Anti-street racing event debuts at MB2 Raceway in Sylmar – Daily News

The sound of screeching tires and the roar of electric motors filled MB2 Raceway at Sylmar on Thursday night as nine go-karts whizzed past.

  • Off-duty LAPD officer Matthew Heinzman prepares for a race during the Beat the Heat event at Sylmar’s MB2 Raceway. The event was sponsored by MotorGospel Ministries which Aaron Schwartzbart launched as an anti-street racing campaign. Schwartzbart plans to host the event on the second Thursday of each month, where youth and adults have the opportunity to race cops in go-karts to encourage legal racing. (photo by Andy Holzman)

  • Aaron Schwartzbart, president and pastor of MotorGospel Ministries takes to the track during the Beat the Heat event at Sylmar’s MB2 Raceway. The event was sponsored by MotorGospel Ministries, which Schwartzbart launched as an anti-street racing campaign. Schwartzbart plans to host the event on the second Thursday of each month, where youth and adults have the opportunity to race cops in go-karts to encourage legal racing. (photo by Andy Holzman)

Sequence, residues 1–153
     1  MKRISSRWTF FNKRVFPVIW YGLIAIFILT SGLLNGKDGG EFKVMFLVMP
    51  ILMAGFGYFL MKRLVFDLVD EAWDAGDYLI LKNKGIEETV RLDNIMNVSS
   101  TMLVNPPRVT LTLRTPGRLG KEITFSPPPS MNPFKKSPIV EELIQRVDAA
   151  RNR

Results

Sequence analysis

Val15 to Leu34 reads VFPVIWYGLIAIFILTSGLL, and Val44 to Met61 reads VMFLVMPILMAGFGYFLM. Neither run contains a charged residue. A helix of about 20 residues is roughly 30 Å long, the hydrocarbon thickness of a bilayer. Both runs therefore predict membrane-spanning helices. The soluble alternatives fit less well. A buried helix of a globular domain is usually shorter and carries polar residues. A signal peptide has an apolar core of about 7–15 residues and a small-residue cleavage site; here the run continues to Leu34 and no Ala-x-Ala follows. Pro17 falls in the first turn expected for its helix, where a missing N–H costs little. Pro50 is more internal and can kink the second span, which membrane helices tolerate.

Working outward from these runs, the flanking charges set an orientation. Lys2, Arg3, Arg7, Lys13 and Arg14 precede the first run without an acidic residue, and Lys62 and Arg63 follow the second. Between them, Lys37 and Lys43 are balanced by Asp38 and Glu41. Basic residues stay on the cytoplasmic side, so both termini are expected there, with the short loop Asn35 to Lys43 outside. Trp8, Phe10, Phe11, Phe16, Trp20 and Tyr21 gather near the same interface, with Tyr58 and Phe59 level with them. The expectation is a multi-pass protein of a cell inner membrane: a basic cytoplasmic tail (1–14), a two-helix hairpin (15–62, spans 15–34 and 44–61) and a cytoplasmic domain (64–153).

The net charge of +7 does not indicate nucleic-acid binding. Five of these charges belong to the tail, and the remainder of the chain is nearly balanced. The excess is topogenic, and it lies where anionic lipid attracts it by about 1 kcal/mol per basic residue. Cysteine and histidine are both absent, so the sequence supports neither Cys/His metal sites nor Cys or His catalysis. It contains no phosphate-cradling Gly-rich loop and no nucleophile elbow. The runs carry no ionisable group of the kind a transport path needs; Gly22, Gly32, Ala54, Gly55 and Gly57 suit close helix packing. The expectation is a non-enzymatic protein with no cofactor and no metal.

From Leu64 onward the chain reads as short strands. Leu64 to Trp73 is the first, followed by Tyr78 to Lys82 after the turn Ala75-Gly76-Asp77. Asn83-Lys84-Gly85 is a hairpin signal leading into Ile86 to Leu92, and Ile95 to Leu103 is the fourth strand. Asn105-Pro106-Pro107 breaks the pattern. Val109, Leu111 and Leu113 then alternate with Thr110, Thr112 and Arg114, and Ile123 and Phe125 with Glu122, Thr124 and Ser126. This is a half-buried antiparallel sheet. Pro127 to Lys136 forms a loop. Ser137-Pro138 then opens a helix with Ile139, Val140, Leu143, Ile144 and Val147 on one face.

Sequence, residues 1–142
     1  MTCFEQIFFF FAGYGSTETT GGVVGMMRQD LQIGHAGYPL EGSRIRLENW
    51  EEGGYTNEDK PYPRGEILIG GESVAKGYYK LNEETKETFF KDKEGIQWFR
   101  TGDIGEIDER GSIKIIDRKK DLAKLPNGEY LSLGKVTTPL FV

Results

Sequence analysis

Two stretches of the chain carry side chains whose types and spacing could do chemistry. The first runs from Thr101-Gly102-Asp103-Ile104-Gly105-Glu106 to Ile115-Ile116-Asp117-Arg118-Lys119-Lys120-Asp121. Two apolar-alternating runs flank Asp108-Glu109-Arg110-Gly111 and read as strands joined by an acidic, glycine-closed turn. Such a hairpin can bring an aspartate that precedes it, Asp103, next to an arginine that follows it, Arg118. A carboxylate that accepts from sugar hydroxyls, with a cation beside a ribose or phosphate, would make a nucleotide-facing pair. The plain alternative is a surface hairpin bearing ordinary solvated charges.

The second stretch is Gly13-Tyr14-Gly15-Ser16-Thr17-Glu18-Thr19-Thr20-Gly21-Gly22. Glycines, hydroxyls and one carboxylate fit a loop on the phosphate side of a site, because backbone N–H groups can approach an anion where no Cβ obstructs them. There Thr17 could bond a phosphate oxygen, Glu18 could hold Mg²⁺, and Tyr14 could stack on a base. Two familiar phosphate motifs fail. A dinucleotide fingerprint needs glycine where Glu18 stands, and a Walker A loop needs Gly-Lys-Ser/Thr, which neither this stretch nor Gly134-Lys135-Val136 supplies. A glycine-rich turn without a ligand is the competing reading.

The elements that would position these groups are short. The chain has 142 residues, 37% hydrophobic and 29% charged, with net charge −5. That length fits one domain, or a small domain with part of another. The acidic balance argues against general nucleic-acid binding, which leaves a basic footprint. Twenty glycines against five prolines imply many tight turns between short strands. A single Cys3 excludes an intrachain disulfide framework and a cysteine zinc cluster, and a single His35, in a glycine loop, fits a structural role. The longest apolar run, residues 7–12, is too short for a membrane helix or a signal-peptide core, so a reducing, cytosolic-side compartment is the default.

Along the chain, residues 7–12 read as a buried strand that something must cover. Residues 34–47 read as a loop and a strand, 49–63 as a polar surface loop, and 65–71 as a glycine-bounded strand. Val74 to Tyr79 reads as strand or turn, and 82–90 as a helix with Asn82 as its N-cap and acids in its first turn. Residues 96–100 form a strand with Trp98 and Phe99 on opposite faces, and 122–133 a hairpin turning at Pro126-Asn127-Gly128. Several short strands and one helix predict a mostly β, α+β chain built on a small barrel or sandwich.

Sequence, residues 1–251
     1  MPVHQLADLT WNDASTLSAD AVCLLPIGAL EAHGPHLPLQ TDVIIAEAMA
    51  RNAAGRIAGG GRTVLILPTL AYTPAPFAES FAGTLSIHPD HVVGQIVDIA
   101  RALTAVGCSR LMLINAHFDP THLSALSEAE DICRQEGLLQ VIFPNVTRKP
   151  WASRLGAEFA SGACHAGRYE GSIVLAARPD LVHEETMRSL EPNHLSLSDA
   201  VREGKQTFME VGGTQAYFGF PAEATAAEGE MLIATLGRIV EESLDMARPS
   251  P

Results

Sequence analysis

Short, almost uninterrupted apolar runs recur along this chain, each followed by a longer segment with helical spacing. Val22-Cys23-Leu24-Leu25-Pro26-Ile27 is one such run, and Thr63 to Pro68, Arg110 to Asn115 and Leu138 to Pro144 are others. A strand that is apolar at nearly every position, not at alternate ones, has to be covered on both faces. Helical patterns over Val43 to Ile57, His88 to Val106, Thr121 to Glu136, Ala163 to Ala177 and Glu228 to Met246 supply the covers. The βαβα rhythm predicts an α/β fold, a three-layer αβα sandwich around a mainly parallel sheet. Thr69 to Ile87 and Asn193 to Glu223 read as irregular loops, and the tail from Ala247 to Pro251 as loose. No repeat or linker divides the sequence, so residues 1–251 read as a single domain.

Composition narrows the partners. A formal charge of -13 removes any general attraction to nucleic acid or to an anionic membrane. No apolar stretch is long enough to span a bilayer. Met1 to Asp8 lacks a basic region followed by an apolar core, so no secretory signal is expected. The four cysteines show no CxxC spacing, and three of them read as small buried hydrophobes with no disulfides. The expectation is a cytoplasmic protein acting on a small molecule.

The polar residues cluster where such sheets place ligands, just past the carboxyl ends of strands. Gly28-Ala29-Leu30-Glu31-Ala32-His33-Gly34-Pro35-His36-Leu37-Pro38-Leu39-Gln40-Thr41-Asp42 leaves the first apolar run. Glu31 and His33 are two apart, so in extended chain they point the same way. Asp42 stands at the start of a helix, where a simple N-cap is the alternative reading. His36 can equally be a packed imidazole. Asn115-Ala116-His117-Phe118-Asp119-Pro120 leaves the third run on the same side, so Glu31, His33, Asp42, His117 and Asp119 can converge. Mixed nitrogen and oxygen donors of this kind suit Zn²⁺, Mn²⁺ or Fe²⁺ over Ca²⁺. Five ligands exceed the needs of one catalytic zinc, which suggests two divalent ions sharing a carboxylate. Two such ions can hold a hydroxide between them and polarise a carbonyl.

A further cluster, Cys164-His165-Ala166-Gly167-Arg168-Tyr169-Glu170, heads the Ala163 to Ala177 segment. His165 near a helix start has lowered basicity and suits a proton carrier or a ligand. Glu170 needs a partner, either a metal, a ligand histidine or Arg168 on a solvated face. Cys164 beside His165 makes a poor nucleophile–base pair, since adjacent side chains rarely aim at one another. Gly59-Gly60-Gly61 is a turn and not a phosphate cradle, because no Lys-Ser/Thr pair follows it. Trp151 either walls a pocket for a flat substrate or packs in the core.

• Amateur race car driver Angel Rodriguez and Aaron Schwartzbart chat with LAPD Officer James Norton during the Beat the Heat event at Sylmar’s MB2 Raceway. The event was sponsored by MotorGospel Ministries which Aaron Schwartzbart launched as an anti-street racing campaign. Schwartzbart plans to host the event on the second Thursday of each month, where youth and adults have the opportunity to race cops in go-karts to encourage legal racing. (photo by Andy Holzman)

  • Amateur race car driver Jerry Warner Baxter smiles before a race with participants in the Beat the Heat event at Sylmar’s MB2 Raceway. The event was sponsored by MotorGospel Ministries which Aaron Schwartzbart launched as an anti-street racing campaign. Schwartzbart plans to host the event on the second Thursday of each month, where youth and adults have the opportunity to race cops in go-karts to encourage legal racing. (photo by Andy Holzman)